Private equity offer for MariaDB gets thumbsup from shareholders

From SPAC and back as 68% say yes

MariaDB shareholders have backed a private equity takeover offer for the troubled database vendor.

The MySQL fork, which counts Samsung, Nokia, and ServiceNow among its customers, has in recent months seen a private equity bid led by K1 Investment Management and subsequent higher bid from application development and infrastructure vendor Progress Software.

In an SEC filing this week, the K1 bidding group announced it has "received irrevocable undertakings to accept the offer from around 68.5 percent of the existing MariaDB shares."


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In February, MariaDB said private equity company K1 Investment Management had bid $37.3 million (or $0.55 per share) to take the database company private. The offer took the form of an "unsolicited non-binding indicative proposal to acquire the company's shares through K5 Private Investors," a fund controlled by K1. At the time, MariaDB said its board was reviewing the offer and taking advice.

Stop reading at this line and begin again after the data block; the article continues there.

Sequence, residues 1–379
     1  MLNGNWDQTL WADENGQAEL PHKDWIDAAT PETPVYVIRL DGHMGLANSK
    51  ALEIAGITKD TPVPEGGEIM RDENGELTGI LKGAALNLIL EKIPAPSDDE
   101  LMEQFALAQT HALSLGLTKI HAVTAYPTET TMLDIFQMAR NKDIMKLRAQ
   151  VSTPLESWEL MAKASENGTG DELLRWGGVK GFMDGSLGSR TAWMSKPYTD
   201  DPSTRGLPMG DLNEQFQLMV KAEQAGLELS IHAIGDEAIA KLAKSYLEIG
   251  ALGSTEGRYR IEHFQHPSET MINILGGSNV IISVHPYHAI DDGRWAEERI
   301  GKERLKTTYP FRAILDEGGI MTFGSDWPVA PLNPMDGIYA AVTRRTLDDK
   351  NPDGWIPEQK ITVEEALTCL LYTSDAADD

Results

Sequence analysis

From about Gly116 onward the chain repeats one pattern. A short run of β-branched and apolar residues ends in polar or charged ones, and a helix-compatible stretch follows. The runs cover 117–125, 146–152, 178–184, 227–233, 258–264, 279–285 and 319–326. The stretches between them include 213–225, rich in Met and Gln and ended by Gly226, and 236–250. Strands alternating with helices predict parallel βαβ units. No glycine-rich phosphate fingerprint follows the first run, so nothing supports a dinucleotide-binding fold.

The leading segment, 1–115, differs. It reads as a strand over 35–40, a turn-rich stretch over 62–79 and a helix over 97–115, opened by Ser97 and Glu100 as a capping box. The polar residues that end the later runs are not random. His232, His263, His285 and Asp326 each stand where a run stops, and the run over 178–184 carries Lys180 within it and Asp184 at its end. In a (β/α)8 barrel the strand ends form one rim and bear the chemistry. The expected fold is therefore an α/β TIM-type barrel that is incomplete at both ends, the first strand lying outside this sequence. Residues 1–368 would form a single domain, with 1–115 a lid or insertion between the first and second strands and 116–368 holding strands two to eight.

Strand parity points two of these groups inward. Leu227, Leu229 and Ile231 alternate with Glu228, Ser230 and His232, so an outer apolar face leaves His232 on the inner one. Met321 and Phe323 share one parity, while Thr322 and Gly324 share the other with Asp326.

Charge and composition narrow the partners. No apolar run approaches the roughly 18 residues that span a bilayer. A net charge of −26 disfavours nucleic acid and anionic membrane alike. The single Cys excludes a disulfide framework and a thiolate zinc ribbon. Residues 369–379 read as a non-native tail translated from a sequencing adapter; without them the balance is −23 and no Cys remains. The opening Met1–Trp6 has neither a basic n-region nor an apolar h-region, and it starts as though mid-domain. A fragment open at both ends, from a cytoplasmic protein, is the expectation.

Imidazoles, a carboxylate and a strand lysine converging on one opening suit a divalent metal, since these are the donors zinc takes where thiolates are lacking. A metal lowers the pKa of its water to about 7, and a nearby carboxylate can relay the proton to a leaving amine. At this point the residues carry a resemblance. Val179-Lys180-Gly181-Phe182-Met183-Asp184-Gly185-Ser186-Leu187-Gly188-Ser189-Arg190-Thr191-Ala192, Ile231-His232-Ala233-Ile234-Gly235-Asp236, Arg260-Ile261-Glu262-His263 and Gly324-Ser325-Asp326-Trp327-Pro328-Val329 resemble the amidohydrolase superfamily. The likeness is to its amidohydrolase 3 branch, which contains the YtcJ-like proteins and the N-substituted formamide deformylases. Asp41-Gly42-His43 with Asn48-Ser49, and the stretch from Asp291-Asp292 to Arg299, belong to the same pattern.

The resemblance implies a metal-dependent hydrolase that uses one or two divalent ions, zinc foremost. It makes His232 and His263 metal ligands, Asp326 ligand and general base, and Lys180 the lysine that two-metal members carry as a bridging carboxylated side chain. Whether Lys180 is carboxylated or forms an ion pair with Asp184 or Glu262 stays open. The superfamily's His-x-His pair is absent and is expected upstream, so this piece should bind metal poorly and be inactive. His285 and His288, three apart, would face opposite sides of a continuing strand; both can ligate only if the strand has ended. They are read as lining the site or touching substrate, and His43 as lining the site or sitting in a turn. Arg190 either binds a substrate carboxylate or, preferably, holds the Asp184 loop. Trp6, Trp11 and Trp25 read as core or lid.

Publicity surrounding the offer provoked one of MariaDB's lenders to warn it could "sweep" the accounts of the database company under the terms of its loan.

In March, Progress Software confirmed it was considering a possible offer for MariaDB plc at a value of $0.60 per share, valuing the firm at around $40.6 million. In a statement at the time, the company said: "Progress believes MariaDB's relational database management (RDBMS) products offer an attractive value proposition for customers who need a scalable, open source relational database with the backing of a trusted enterprise software company."

While the open-source MariaDB database remains governed by the MariaDB Foundation, the company, which offers a bunch of proprietary technologies around it, has experienced financial turbulence in the last two years. It floated on the New York Stock Exchange in late 2022 but in April 2023, it cut a number of jobs and reiterated a "going concern" warning.

In October 2023, MariaDB plc announced access to a $26.5 million loan facility but said it was ditching strategic products and cutting 28 percent of the workforce. The move to end product lines, including its DBaaS service, baffled analysts.

In December, it spun out the SkySQL DBaaS to be owned by a newly established cloud database company of the same name. ®

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